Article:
On top of that, I have an interest in cryptozoology, of creatures that live just out of sight of humankind, and of the myriad possibilities that nature, and man’s dabbling with it, can throw up.

Back at the movies again, another early influence was the Kirk Douglas / Tony Curtis movie THE VIKINGS. There’s that, and when I was very young I would be taken ten miles over the hill to the shore at Largs on the Ayrshire coast. There’s a memorial there to The Battle of Largs where Scots fought off Vikings. The story was told to me so often it sunk into my soul, and as kids we spent many a day in pretend swordfights as Vikings (when it wasn’t Zorro – but that’s another story

All those things were going round in my head when I first sat down to write BERSERKER. And there might be some of THE THIRTEENTH WARRIOR in there too.

Free unbirthday reads

thepersistenceofmemoryIt’s my birthday on Monday 25th Jan, so here’s some unbirthday free reads for anyone interested.

These are all short stories previously published over the years in a variety of magazines and anthologies.

They provide a pretty good snapshot of what I’m all about, with ghosts, monsters, beer, aliens, slime, more beer, a lot of Scotsman, some very silly stuff and some serious stuff.

This is who I am.

 

Permanently Free on Kindle

Permanently Free on Smashwords for other ereader formats

Please help yourself.

My top seller – THE INVASION

invasionTHE INVASION reached no 2 in both Kindle SF and Kindle Horror and has sold over 20,000 copies.

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I nearly didn’t bother writing it.

The first science fiction I ever encountered was Fireball XL5, one of the early Gerry Anderson productions. I was only about four years old, but I was hooked immediately on spaceships and adventure in the stars. I grew up during the exciting part of the space race, staying up nights to watch space-walks then moon missions, eyes wide in wonder as Armstrong made his small step. At the same time Gerry Anderson had continued to thrill me, with Stingray, Thunderbirds and Captain Scarlet. The Americans joined in, with Lost in Space then, as color TV reached Scotland, Star Trek hit me full between the eyes.
Also at the same time, my reading was gathering pace. I’d started on comics early with Batman and Superman. As the ’60s drew to a close, Marvel started to take over my reading habits more, and I made forays into reading novels; Clarke and Asimov at first, and most of the Golden-Age works. By the early Seventies I had graduated to the so-called New Wave, Moorcock, Ellison, Delaney and Zelazny dominating my reading, and they led me on to reading, then writing horror.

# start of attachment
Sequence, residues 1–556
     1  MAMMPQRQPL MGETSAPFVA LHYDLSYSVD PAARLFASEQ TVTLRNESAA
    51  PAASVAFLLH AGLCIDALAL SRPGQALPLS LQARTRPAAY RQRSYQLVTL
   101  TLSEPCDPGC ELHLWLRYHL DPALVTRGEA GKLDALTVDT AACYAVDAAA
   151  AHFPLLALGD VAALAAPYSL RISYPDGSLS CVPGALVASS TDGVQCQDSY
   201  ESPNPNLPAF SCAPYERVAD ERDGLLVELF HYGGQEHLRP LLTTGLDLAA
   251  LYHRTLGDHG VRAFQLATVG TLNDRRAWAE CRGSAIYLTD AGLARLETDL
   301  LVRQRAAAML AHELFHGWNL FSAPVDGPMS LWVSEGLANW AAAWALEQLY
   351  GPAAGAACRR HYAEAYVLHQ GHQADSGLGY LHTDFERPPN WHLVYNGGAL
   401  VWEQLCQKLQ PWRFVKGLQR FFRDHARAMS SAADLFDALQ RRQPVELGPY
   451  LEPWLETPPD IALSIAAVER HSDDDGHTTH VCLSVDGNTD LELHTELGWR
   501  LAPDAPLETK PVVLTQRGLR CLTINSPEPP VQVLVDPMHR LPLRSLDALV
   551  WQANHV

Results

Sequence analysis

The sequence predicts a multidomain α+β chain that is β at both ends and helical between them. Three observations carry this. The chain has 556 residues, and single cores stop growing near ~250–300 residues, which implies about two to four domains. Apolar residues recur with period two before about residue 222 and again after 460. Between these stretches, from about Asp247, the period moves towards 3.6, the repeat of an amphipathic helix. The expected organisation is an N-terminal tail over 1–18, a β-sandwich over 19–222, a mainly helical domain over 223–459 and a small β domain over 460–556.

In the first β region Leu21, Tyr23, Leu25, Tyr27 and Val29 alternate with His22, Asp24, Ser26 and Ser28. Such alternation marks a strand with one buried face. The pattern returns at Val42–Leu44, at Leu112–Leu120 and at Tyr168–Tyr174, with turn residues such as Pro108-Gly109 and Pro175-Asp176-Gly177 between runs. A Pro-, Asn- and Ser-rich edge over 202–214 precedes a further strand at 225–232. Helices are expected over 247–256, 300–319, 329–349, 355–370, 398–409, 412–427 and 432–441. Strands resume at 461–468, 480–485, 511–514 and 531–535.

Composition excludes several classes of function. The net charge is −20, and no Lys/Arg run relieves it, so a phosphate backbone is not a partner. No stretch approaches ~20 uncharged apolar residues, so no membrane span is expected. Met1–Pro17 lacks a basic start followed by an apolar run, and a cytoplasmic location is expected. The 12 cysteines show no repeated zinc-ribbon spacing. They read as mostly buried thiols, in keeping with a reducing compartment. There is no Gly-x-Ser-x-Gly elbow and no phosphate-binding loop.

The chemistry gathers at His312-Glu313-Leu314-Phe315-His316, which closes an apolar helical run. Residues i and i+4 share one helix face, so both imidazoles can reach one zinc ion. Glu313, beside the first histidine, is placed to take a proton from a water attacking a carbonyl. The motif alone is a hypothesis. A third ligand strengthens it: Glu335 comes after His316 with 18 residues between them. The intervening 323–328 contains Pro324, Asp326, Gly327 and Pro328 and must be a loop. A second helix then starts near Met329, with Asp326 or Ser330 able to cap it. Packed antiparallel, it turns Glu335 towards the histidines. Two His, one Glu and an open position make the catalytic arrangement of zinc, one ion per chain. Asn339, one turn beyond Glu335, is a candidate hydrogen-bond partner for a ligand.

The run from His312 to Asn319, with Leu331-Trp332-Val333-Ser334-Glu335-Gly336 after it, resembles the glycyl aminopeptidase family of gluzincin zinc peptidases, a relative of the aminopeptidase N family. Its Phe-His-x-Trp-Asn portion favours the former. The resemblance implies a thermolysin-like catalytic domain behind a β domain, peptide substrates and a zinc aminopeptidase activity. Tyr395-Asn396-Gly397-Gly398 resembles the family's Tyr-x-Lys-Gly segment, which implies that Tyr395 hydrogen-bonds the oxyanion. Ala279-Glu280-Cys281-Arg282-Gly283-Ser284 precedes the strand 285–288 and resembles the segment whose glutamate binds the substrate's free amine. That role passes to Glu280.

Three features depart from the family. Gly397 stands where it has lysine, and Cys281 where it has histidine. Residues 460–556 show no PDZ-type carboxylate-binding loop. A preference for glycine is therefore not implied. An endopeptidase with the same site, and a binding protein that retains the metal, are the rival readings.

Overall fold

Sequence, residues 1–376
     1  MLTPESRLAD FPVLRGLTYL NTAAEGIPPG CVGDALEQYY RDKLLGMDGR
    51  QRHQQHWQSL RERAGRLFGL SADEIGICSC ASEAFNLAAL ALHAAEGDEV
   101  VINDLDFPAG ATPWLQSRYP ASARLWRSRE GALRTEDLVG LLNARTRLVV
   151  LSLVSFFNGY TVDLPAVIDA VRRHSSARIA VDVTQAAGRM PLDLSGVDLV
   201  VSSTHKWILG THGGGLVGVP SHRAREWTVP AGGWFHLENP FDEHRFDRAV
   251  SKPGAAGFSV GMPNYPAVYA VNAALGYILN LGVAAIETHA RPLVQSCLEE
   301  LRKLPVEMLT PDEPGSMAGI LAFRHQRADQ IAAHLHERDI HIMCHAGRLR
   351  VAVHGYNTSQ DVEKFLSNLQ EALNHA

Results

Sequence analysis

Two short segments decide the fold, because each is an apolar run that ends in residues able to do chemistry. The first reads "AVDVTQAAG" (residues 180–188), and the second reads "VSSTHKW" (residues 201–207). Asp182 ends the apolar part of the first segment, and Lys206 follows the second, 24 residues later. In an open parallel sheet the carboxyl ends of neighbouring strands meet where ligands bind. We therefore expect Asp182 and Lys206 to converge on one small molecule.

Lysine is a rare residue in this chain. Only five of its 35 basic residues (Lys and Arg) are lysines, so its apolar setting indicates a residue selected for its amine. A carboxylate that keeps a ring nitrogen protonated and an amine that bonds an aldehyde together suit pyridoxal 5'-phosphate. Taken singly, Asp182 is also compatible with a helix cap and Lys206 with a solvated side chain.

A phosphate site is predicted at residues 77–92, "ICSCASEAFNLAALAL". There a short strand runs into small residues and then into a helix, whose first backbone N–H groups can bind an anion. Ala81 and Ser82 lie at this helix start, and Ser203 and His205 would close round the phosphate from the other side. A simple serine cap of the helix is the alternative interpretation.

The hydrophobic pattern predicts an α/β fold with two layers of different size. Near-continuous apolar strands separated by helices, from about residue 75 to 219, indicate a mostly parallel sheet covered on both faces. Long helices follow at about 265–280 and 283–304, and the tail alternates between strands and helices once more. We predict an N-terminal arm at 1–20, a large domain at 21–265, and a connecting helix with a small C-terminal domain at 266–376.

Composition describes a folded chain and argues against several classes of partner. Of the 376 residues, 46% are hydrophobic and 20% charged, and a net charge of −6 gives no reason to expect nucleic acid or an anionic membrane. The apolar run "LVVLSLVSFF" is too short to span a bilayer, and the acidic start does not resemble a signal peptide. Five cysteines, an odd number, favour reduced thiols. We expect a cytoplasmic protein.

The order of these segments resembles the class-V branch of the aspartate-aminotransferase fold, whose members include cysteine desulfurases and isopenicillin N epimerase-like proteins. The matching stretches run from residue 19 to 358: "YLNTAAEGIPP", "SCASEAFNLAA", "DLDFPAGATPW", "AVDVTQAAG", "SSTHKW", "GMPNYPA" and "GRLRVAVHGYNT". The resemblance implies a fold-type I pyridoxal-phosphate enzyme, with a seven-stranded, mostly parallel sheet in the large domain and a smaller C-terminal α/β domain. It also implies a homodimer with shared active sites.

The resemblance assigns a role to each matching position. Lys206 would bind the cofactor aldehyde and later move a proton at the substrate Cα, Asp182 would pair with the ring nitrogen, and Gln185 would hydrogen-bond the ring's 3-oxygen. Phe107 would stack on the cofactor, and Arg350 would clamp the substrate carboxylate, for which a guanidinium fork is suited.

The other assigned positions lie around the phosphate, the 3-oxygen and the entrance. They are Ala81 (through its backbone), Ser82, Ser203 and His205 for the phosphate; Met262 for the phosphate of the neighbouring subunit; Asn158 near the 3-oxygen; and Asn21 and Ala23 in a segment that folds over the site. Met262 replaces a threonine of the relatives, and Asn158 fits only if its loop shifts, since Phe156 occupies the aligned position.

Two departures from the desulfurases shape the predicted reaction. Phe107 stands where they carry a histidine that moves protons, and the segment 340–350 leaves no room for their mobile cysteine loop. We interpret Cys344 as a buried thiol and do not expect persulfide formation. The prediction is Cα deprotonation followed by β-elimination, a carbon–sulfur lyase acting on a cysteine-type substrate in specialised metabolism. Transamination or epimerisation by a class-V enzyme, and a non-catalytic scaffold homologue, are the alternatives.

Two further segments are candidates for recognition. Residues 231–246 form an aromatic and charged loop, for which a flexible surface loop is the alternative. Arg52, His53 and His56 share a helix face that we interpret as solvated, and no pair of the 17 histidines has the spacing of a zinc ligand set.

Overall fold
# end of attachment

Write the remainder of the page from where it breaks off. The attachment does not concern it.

I more or less stopped reading Science Fiction round about then, but I never stopped watching, especially after Star Wars gave the visual genre a huge push forward. I re-discovered the ’50s classics after the advent of the VCR and quickly built a huge collection of movies, many of which I still watch avidly.
Which brings me, in a long winded manner, to the novella, The Invasion.

Another part of my early reading, and the one that united my Science Fiction reading with my horror reading, was the works of H P Lovecraft. I realised that the Invasion in my story would have Lovecraftian antecedents, in that it would come from space, and be completely uncaring of the doings of the human race. My training as a biologist also made me realise that aliens should be -really- alien, not just simulcra of pre-existing terrestrial forms. Once I had that in my mind, it didn’t take much to come up with a “color out of space” that would engulf the planet.
Most Invasion movies concentrate on the doings in big cities, and with the involvement of the full force of the military. I wanted to focus more on what it would mean for the people. Living as I am in Canada, in a remote Eastern corner, I was able to draw on local knowledge and home in on people already used to surviving in extreme conditions. I just upped the ante.
An interest in conspiracy theories and post-apocalypse survivalists also gave me one of the main characters, and the early parts of the story are a news report from the bunker where he has retreated to ride out whatever is coming.

So come with me, to a winter storm in the Maritimes, where a strange green snow is starting to fall.